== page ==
There's often a substantial gulf between the way 4x4 buyers actually use their 4x4 vehicles and the utopian visions laid out in commercials and publicity material. The ad men present the public with a rose-tinted vista of family life in which every spare moment is crammed with wholesome outdoor activities from horse riding, to mountain biking and rambling to kite flying. Of course, the 4x4 vehicle itself is the hero of the piece: always on hand to be loaded with beaming children and expensive equipment, ready to trundle off into the countryside at a moment's notice. Nissan's Pathfinder 4x4 certainly has the ability to access remote locations with a family of catalogue models and their camping gear safely stowed inside but it's also adept on the school run, on the motorway and in the supermarket car park - the places where real people are most likely to use it.
The Pathfinder range is split into three trim levels named Trek, Sport and Aventura. Until 2008, the entry-level Trek models did without the rearmost row of seats and so offered a five-person capacity but all other Pathfinders had the ability to seat seven. Externally, the Nissan family face, as seen on 4x4 models across the manufacturer's range, is very much in evidence. The V-shaped grille with central Nissan badge gives a suitably imposing frontal view, one which is accentuated by a wide air intake in the underbumper and bulging wheelarches. As you ascend the range, more styling features are added to spruce-up the vehicle's appearance, 'Pathfinder'-branded roof rails help, as do front fog lamps and side steps. Overall, it's a cohesive and modern, if somewhat unremarkable, design which lacks the impact you get with a Discovery but certainly isn't going to offend many people.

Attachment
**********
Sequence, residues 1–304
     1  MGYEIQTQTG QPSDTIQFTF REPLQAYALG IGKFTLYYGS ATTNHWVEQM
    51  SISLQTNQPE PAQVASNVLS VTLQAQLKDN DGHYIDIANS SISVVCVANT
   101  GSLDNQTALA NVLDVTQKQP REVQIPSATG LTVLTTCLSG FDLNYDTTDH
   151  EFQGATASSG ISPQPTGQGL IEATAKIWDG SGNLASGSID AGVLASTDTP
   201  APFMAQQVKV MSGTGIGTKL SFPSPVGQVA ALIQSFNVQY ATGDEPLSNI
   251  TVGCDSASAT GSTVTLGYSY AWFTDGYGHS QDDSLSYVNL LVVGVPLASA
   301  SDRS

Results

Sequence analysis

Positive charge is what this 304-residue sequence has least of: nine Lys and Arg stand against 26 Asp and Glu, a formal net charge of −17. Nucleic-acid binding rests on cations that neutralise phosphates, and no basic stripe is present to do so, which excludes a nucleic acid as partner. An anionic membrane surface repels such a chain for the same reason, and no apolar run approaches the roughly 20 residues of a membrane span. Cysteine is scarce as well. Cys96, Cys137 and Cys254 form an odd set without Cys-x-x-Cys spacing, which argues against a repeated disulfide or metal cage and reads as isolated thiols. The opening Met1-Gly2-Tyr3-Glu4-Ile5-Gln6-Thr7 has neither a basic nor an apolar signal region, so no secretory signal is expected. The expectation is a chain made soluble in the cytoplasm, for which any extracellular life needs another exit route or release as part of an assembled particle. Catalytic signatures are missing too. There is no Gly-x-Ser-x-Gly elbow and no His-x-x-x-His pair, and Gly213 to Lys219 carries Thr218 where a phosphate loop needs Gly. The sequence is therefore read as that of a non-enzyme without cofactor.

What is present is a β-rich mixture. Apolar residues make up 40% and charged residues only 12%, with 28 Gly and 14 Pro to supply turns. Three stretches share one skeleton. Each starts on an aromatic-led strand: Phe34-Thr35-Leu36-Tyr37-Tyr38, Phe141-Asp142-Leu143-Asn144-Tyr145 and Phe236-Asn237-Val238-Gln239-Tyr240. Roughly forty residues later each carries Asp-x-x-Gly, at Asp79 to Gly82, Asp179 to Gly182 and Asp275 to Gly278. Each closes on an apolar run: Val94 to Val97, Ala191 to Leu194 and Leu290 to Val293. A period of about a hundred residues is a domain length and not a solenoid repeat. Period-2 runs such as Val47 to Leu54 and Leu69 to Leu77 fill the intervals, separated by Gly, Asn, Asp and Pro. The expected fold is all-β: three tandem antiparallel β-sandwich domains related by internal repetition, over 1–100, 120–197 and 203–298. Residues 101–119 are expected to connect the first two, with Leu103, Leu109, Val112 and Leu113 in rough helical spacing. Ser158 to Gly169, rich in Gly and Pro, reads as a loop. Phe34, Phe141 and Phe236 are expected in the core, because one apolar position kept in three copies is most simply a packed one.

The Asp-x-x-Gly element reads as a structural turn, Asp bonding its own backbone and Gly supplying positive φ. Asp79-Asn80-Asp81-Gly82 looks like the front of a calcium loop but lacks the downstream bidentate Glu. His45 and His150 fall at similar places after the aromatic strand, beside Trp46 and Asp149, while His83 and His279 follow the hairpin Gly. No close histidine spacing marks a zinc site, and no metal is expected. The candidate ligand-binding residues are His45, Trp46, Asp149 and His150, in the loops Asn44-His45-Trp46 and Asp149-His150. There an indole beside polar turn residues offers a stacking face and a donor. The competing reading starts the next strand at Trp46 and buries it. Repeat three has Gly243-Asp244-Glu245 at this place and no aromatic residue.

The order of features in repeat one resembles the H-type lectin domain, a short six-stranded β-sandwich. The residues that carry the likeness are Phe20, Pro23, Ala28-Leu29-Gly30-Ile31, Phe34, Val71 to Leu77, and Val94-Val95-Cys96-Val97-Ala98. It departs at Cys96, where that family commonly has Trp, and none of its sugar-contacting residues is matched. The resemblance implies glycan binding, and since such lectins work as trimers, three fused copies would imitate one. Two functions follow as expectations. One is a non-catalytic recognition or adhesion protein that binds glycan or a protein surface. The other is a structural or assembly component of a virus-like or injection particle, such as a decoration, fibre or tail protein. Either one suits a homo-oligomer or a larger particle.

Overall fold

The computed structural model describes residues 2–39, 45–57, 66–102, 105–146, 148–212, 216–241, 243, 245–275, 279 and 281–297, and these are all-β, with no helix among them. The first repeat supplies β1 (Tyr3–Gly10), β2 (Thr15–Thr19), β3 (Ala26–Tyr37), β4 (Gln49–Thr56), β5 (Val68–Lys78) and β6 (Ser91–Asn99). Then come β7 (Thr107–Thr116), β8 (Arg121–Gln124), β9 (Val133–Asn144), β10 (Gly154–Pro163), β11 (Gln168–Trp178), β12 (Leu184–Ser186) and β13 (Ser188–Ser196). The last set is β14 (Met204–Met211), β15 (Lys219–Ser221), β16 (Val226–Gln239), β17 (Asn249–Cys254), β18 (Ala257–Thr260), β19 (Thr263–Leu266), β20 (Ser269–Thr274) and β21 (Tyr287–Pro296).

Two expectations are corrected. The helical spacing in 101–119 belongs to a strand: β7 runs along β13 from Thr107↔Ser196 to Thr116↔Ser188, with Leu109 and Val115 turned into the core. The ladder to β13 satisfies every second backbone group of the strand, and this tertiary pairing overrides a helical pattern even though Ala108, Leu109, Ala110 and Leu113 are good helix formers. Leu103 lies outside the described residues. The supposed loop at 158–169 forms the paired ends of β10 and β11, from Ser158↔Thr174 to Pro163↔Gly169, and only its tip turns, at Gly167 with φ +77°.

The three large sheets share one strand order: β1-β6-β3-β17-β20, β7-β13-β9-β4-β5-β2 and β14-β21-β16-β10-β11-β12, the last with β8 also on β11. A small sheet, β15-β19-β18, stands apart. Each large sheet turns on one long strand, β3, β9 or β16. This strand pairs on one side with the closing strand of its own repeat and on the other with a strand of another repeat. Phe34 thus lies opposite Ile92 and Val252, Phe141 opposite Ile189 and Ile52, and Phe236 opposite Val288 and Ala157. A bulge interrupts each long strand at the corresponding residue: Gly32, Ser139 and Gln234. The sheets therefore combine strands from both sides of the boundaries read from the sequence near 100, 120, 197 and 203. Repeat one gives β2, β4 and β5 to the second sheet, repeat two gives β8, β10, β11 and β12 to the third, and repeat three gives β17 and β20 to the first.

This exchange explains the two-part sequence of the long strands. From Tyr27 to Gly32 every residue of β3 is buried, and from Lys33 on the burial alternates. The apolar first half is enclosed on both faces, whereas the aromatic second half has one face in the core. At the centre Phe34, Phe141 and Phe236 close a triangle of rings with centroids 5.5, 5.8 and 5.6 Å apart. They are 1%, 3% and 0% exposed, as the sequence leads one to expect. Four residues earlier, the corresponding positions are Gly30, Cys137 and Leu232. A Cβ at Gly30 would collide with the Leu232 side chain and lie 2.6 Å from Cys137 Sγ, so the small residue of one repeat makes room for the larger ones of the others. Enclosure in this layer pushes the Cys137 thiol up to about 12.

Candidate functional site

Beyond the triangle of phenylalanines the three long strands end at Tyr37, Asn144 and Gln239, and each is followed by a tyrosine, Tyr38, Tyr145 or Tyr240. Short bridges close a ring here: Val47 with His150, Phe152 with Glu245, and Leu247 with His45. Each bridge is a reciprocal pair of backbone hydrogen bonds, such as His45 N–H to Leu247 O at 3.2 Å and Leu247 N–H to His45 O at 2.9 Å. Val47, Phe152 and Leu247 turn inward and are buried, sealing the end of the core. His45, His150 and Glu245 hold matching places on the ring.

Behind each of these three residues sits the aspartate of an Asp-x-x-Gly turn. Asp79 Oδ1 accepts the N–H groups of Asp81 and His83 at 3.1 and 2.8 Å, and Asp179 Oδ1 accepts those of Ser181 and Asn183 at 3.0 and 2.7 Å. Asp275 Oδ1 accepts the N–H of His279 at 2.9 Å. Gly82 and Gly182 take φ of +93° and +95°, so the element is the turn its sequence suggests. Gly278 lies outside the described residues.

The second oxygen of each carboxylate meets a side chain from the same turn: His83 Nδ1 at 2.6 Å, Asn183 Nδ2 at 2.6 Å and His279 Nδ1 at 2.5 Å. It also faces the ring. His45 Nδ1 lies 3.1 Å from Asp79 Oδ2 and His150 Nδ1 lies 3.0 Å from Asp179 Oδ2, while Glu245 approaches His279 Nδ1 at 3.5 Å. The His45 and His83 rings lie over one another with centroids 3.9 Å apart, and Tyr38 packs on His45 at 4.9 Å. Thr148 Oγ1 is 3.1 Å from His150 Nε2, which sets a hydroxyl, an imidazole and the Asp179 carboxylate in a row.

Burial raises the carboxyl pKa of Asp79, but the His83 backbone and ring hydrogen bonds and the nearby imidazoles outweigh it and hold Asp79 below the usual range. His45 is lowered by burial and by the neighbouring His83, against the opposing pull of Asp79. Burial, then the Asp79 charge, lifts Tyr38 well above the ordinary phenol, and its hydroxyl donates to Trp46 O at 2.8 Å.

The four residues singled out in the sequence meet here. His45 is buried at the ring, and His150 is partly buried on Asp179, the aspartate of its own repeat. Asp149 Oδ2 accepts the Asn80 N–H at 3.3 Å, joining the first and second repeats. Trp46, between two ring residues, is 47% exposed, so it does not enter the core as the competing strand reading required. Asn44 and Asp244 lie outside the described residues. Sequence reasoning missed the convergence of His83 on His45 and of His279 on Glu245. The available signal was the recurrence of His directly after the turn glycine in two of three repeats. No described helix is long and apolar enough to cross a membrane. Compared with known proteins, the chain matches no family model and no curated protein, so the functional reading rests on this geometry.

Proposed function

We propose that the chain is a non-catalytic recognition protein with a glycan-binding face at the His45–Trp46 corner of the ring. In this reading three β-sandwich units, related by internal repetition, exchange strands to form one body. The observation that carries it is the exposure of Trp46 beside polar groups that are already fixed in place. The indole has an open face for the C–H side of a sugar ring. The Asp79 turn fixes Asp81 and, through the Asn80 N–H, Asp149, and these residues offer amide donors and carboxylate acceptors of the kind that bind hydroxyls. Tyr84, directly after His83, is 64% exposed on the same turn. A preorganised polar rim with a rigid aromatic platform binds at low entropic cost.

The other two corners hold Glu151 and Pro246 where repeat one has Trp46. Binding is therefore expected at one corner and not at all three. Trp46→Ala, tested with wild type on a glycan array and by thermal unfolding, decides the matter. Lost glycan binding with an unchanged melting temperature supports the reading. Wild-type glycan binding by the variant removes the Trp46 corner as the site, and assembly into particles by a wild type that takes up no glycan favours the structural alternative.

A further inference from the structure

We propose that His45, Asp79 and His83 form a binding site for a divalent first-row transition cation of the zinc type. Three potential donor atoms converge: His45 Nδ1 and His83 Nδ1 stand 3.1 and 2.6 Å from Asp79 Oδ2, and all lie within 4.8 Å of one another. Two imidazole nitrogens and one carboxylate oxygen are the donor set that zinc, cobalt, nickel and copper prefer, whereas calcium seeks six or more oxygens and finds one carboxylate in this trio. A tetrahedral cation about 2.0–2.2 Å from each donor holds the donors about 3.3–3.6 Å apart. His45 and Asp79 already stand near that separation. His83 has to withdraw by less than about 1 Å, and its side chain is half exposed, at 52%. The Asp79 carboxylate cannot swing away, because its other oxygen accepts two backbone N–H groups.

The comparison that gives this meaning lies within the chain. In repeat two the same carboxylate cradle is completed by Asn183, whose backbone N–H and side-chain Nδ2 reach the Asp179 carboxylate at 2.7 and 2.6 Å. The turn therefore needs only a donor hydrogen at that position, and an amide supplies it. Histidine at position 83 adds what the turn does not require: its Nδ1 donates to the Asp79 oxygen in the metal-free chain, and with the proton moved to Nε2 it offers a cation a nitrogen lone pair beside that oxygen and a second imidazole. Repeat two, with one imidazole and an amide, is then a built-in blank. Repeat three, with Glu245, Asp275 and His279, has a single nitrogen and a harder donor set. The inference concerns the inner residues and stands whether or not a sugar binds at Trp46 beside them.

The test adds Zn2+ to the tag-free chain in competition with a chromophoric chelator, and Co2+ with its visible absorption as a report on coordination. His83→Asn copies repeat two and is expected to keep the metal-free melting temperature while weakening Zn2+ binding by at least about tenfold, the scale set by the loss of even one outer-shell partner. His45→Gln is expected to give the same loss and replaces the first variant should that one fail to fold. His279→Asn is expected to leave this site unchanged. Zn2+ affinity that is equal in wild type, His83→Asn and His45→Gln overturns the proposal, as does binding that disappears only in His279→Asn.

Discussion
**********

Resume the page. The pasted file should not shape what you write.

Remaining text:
The interior decor is tidy and largely functional, although there's little by way of design flair in evidence. The air-conditioning is controlled by dials that rock from side to side: these are unusual but they seem highly counterintuitive and don't really represent an improvement over traditional twisting dials. Leather upholstery is standard on Aventura models but the cloth trim on lower spec derivatives has a netting-like texture and may prove difficult to clean once your kids have melted a chocolate bar to it. The Pathfinder is available with a variety of nice technological features including Nissan's excellent Birdview satellite navigation system, a colour reversing camera and keyless entry but even the base models feature dual-zone climate control, electric heated mirrors, electric windows, ESP and traction control.